Initiative aligns with school’s new international student policy
Smithville District Christian High School (SDCH) welcomed 20 students from Colegia San Bartolome la Merced for the month of October, an initiative that fits well with the school’s new international student policy, says director of communications and admissions Marlene Bergsma.
“We want to be very intentional about being a vibrant, dynamic, outward-focused school, and this really gave us a chance to practise hospitality and meet new people,” says Bergsma, noting the activity also helped raise awareness of SDCH as a good place to send students.
The Colombia students attended regular SDCH classes as well as participated in English language sessions and cultural trips, the overarching goal being to improve their English language skills.
Bergsma says what was most exciting was hearing from the students how welcome they felt and how much they enjoyed their experience at the school.
“The atmosphere at our school is something that our guests found remarkable,” she says.
“I think what it does for us is it makes us realize we have something valuable here.”
The initiative was co-ordinated through a Niagara-based agency, Red Leaf, with a view to helping the Colombia school achieve its goal of becoming bilingual by immersing the majority of its students in an English-speaking culture.
Joanna Kocsis, a co-ordinator with Red Leaf, confirms the students had a positive experience.
“The very warm attitude and welcoming nature of the school made the students feel super comfortable,” Kocsis commented in a SDCH newsletter article. “The open arms of the school made everyone welcome.”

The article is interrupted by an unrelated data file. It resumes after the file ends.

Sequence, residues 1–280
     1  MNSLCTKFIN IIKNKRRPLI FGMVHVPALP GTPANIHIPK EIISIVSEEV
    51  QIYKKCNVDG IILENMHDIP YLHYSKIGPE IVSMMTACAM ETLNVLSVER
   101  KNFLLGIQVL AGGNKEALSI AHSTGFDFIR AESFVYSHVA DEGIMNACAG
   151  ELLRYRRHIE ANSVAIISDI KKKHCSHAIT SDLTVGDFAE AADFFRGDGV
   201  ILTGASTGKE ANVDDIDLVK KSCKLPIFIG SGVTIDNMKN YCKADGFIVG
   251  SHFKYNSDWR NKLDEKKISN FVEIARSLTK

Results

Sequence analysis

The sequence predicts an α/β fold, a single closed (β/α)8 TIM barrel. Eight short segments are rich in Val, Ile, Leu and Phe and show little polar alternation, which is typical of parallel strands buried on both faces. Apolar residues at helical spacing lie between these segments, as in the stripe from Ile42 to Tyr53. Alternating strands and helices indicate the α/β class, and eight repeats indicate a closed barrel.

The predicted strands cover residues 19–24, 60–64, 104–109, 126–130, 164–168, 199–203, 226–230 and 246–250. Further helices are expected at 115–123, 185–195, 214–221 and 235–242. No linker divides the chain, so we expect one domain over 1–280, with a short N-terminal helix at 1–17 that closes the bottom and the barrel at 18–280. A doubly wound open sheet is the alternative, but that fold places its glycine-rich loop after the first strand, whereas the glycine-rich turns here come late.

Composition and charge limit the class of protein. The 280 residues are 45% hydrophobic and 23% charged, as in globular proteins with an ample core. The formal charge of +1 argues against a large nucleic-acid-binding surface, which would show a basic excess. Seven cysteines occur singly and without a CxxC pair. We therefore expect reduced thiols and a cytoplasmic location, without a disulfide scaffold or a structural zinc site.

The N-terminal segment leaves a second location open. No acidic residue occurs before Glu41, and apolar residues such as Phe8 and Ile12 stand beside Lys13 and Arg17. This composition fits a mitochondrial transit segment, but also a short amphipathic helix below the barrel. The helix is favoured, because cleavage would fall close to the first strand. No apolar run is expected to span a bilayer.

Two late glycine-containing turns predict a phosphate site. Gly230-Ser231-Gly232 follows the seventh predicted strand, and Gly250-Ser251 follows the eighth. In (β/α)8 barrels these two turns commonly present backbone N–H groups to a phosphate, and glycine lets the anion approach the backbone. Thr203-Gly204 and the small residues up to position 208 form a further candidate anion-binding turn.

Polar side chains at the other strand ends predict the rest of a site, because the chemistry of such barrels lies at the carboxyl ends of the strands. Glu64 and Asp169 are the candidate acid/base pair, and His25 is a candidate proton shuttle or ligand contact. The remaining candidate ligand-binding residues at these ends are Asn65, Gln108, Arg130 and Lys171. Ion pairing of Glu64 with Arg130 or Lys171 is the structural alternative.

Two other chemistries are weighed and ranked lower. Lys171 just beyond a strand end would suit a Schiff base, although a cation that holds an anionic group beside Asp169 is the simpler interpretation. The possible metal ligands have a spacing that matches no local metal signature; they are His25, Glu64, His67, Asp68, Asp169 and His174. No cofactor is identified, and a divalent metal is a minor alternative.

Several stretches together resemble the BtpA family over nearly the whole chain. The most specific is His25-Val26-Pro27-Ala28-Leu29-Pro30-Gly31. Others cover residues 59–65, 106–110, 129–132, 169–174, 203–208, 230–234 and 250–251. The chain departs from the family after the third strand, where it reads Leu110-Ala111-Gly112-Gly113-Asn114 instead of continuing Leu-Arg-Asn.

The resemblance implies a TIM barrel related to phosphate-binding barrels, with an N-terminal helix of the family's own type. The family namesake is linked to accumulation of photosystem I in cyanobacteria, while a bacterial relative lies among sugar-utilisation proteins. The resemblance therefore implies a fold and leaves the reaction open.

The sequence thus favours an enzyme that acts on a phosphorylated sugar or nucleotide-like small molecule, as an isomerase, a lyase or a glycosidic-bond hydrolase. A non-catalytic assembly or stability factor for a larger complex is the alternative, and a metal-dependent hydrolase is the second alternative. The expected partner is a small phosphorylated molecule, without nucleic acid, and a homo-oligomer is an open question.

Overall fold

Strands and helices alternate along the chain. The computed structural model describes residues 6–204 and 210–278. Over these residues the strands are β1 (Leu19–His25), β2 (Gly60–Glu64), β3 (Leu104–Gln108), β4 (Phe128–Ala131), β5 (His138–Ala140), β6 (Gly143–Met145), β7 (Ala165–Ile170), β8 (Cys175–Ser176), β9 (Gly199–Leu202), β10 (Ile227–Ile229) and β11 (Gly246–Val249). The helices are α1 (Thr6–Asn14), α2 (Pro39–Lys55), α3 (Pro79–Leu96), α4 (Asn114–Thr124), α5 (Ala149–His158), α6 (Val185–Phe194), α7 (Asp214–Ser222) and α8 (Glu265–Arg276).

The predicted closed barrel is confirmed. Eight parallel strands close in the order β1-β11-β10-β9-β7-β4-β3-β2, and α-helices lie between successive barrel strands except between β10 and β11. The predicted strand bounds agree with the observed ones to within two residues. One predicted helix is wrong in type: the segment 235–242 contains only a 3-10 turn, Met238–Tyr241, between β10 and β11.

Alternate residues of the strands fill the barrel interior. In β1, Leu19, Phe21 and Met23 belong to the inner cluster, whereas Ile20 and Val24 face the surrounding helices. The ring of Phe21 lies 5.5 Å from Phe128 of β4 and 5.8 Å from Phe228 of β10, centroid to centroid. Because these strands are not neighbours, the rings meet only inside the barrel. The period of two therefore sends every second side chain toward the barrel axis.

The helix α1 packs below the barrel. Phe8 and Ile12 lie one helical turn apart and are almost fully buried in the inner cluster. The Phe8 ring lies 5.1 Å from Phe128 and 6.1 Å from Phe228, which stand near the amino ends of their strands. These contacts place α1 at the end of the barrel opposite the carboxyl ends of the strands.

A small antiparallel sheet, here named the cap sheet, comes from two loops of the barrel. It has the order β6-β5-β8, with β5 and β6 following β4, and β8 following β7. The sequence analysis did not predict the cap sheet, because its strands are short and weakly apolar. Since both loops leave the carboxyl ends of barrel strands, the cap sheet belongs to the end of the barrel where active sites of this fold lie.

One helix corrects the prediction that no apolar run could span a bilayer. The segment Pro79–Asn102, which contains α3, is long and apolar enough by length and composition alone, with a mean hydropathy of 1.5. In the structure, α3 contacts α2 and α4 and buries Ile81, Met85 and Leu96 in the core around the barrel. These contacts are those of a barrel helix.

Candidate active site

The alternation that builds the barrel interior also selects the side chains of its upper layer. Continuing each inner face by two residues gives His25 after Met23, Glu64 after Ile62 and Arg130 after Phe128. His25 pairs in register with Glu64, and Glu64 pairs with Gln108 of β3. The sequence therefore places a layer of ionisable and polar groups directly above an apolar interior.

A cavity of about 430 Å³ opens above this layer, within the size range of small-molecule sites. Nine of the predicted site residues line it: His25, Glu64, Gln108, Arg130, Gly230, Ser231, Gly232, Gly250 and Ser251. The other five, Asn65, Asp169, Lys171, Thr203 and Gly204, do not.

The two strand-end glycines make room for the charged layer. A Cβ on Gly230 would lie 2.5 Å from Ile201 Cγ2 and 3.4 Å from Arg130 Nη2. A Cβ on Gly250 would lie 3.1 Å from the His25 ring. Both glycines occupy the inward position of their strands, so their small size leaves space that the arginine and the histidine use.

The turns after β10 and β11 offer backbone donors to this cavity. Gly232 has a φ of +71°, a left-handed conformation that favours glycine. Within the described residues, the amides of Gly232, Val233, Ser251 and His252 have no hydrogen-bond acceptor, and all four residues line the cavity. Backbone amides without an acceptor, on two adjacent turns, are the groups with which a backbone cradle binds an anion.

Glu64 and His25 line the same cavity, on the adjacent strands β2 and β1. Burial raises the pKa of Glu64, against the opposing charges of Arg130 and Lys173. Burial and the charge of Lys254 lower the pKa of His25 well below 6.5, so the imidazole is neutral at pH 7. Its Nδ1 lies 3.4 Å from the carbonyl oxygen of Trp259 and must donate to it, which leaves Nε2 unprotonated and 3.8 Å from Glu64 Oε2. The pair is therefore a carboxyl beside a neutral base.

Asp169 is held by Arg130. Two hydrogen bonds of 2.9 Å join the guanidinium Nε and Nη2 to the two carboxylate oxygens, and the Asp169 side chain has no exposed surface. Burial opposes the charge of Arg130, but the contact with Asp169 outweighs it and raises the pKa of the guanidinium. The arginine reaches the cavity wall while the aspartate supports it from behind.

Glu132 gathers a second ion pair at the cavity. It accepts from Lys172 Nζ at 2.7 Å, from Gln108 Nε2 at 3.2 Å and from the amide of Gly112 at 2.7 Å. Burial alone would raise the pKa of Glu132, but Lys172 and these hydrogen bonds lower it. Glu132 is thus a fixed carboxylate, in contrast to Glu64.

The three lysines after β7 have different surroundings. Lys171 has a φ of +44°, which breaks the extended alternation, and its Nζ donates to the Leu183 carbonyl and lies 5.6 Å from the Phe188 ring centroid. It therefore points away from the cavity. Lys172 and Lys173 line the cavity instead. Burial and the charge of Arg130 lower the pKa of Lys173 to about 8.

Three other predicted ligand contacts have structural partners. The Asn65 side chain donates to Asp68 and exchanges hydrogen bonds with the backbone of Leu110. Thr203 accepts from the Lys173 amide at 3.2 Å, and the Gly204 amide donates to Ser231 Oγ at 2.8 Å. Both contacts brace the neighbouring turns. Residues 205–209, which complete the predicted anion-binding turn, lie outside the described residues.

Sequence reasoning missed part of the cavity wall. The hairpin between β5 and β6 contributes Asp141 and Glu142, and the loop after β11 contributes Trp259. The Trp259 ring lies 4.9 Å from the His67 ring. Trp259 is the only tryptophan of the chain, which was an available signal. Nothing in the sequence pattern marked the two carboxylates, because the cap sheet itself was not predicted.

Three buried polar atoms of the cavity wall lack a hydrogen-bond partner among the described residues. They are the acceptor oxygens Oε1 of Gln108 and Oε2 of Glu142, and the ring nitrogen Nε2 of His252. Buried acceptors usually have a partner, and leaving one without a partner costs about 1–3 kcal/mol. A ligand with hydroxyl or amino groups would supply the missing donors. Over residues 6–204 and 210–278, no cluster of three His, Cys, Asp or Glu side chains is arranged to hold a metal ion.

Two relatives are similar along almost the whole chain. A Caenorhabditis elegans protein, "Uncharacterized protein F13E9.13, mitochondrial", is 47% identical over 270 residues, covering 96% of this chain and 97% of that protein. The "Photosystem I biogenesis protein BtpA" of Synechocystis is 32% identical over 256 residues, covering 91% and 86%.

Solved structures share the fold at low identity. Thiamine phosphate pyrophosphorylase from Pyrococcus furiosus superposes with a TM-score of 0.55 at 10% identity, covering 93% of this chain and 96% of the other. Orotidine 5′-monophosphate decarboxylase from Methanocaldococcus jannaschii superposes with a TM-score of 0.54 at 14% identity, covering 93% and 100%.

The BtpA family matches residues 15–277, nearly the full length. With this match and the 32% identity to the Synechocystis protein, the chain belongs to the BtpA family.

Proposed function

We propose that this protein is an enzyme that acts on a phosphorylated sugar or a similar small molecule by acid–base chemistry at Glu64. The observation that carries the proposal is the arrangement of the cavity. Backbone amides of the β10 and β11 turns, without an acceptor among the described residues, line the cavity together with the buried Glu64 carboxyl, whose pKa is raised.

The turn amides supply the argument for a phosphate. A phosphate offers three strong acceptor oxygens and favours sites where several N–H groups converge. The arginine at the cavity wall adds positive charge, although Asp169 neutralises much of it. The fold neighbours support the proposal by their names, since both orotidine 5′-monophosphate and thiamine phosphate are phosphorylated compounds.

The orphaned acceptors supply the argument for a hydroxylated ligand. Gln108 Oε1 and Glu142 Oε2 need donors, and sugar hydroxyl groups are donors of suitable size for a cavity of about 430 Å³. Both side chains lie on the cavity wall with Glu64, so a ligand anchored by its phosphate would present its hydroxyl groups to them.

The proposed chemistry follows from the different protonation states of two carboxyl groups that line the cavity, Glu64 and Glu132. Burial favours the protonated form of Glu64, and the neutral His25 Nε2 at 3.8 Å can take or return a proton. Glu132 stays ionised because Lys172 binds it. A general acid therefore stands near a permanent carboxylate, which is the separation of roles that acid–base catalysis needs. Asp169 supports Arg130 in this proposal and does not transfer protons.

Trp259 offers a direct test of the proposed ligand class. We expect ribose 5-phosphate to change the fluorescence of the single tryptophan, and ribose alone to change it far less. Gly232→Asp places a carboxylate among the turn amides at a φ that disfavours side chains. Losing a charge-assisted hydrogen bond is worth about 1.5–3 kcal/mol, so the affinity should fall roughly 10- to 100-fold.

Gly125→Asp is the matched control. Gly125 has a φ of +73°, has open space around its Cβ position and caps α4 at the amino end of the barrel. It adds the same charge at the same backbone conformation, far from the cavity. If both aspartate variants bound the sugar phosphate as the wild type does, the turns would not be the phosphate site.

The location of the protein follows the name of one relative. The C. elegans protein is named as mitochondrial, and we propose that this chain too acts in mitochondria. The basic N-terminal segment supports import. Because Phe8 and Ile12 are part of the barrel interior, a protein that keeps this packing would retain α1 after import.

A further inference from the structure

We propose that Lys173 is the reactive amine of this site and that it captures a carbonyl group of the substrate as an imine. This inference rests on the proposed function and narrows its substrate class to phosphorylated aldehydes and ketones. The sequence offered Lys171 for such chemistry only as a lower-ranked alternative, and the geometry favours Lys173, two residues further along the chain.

SDCH plans to participate in similar programming in the future with the Colombia school.
“They’re very open to it and we’re very open to it,” says Bergsma.
|Robyn DeKlerk, Daniel Motta Calderon and Abby Buma skate at the West Lincoln Arena.|
The students’ stay was capped off with a Canadian cultural experience, ice-skating at a local arena with the SDCH students.
“For many of the Colombia kids, this was their first time ever (on the ice),” says Bergsma. “We thought it was so cool. ‘We’re Canadian, we ice skate, we play hockey, you should try this.’”
Each of the Colombia students stayed with a different host family, not all of whom have children attending SDCH, which was also beneficial for boosting the school’s profile, says Bergsma.
San Bartolome is a school of about 1,700. Founded by the Society of Jesus, the school’s slogan is “to be more, to serve better.”
This year SDCH also welcomes students from nine other countries, including Germany, Swaziland, Thailand, China and Japan.